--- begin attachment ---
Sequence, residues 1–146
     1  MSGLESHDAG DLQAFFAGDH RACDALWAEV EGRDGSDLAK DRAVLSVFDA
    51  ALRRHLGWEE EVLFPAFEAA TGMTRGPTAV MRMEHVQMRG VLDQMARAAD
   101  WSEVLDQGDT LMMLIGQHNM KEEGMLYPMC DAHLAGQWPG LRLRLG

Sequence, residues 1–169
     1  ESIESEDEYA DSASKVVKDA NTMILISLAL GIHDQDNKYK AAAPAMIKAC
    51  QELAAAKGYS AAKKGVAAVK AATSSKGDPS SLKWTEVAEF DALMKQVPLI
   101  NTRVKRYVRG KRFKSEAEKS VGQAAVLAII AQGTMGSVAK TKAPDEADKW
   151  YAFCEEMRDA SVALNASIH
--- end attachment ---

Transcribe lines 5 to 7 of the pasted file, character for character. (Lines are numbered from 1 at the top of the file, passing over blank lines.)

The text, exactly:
Sequence, residues 1–169
     1  ESIESEDEYA DSASKVVKDA NTMILISLAL GIHDQDNKYK AAAPAMIKAC
    51  QELAAAKGYS AAKKGVAAVK AATSSKGDPS SLKWTEVAEF DALMKQVPLI